“Almost 100 million employees covered through self-insured plans not only represents a staggeringly large market for healthcare cost containment, it is an extraordinary opportunity for America to meaningfully reduce our national healthcare bill,” Kirk Fallbacher (above), President and CEO of Advanced Medical Pricing Solutions (AMPS) told Healthcare Finance News. (Photo copyright: NextGenRBP.com)

Self-insured Employers can Reduce the Nation’s Healthcare Bill, says KFF

A 2018 US Census Bureau report states that more than 181 million people in the US were enrolled in employer-sponsored health plans in 2017, and that the estimated average premium for employer-sponsored family coverage increased at an annual rate of 4.5% from 2008 to 2019.

That increase was approximately twice the rate of overall inflation and growth in average hourly earnings during the same time period, according to the report, which also states that the surge in premiums was driven by price increases for medical services and that use of most healthcare services among employees has actually been declining.

For US employers, “the steep increase in their healthcare cost crowds out financial resources that could be used for employee wage increases, capital investments, and other spending priorities, such as retirement plans,” the report notes.

However, an estimated 94 million of the 156 million workers in the US—approximately 61%—are currently covered under a self-insured medical plan through their employer, the KFF Employer Health Benefits 2019 Annual Survey states.

Healthcare.gov defines the self-insured health insurance plan as a “type of plan usually present in larger companies where the employer itself collects premiums from enrollees and takes on the responsibility of paying employees’ and dependents’ medical claims. These employers can contract for insurance services such as enrollment, claims processing, and provider networks with a third-party administrator, or they can be self-administered.”

Kirk Fallbacher, President and CEO of Advanced Medical Pricing Solutions (AMPS), told Healthcare Finance News (HFN) that the self-insured approach to employee medical coverage saves employers between 20% and 30% over a traditional Preferred Provider Organization (PPO), and that the savings total about $2,800 per person annually.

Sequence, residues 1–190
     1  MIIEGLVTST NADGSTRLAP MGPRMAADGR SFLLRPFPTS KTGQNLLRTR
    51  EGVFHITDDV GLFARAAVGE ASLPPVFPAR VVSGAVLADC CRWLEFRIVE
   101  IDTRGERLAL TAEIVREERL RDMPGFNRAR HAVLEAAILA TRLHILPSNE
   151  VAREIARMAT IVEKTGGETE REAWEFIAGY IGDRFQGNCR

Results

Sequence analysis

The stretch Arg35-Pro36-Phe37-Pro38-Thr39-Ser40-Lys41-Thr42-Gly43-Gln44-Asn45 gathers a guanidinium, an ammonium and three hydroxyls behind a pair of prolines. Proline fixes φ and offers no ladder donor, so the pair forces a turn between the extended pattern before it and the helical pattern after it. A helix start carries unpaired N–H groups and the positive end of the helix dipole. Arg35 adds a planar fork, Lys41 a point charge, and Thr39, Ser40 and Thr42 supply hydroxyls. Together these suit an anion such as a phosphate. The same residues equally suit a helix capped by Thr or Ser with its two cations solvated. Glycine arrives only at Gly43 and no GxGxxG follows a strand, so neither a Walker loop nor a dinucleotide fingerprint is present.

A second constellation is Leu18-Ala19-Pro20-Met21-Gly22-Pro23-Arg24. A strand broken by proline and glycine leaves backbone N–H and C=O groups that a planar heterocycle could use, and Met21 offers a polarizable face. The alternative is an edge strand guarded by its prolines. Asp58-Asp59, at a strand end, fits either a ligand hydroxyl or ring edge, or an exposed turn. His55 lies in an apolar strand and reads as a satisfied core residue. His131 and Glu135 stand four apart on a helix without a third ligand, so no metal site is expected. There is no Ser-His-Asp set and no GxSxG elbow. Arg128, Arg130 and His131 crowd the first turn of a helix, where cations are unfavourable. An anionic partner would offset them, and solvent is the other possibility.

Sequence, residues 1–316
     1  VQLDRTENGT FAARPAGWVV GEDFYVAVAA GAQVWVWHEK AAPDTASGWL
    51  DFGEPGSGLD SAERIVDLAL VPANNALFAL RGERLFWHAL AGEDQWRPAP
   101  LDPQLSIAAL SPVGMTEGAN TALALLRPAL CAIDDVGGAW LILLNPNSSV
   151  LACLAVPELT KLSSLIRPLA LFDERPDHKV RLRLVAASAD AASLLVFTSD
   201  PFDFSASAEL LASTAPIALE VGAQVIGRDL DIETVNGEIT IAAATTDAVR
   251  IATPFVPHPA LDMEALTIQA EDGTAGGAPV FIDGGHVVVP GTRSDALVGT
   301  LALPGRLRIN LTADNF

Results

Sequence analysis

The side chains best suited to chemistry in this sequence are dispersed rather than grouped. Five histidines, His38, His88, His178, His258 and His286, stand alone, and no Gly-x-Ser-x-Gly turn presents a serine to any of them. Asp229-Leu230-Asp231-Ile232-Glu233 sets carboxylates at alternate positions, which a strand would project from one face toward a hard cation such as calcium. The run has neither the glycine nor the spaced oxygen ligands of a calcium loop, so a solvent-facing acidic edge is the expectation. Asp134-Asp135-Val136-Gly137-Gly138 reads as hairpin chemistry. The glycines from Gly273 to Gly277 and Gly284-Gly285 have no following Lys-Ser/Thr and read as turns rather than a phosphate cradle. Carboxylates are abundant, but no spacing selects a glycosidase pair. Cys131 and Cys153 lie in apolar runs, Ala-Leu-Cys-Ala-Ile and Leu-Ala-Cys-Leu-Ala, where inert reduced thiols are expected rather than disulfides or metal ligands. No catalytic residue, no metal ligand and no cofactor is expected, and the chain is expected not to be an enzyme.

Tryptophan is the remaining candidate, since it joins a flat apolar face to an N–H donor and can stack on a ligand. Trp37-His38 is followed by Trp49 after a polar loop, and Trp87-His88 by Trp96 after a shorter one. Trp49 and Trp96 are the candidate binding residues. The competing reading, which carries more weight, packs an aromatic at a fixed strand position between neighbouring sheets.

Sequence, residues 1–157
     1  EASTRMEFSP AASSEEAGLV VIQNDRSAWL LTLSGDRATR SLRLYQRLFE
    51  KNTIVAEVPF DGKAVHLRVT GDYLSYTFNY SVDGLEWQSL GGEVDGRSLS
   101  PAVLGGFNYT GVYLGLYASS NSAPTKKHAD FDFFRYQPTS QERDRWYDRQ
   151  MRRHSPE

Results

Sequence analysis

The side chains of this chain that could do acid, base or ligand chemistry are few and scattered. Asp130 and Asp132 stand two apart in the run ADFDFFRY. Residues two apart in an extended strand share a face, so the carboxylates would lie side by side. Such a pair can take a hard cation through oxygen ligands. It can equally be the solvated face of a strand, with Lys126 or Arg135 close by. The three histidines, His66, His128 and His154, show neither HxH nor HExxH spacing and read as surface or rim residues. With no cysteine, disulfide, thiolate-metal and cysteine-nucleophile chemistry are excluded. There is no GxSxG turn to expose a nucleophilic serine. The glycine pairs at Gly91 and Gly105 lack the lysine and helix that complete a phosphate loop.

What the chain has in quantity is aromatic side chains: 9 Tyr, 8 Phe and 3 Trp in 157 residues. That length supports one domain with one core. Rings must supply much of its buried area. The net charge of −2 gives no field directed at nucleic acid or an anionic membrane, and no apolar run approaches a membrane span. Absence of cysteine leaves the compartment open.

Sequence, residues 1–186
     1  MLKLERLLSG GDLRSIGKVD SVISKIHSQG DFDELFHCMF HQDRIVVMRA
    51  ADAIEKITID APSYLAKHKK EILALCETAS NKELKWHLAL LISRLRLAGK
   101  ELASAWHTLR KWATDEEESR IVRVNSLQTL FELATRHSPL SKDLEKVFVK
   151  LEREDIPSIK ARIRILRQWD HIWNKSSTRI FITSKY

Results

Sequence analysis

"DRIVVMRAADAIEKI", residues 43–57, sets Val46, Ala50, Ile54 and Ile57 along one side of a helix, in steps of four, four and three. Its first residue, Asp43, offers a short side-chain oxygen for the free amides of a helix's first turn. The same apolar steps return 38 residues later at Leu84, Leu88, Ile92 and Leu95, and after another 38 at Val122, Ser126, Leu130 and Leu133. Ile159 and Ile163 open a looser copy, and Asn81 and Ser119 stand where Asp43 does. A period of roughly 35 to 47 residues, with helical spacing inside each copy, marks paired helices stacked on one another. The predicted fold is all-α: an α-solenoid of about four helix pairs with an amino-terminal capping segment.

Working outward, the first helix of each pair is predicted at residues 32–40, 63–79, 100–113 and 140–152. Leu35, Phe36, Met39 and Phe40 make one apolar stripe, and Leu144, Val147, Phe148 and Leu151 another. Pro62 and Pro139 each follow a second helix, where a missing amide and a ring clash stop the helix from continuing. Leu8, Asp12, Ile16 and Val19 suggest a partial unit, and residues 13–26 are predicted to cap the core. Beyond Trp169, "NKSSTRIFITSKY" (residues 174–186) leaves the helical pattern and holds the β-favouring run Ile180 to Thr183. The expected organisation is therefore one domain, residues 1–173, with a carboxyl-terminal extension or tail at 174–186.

“It doesn’t signal the end of the insurance industry,” he said. “On the cost side of the equation, the PPO approach is beginning to come to an end. The costs are outstripping inflation and wages.”

Moving to self-insurance is another part of the current trend for price transparency in the healthcare industry and may offer opportunities for clinical laboratories to increase profits. Clinical laboratories and anatomic pathology groups might want to contact the Human Resources Departments of local major employers to educate them on the costs and quality value of their labs. Such a proactive and innovative move could encourage employers to include those labs in the provider networks of their self-insured health benefit plans.   

—JP Schlingman

Related Information:

Self-insured Employers Go Looking for Value-based Deals

Self-insured Employers Are Playing An Increasing Role in Taking on The Status Quo to Lower Costs

Self-insured Employers Have More Leverage than They Think

Health Insurance Coverage in The United States: 2017

The Kaiser Family Foundation Employer Health Benefits 2019 Annual Survey

Ohio Healthcare Network Serving Amish and Anabaptist Communities Could Provide Blueprint for Hospital Price Transparency

Amazon Care Pilot Program Offers Virtual Primary Care to Seattle Employees; Features Both Telehealth and In-home Care Services That Include Clinical Laboratory Testing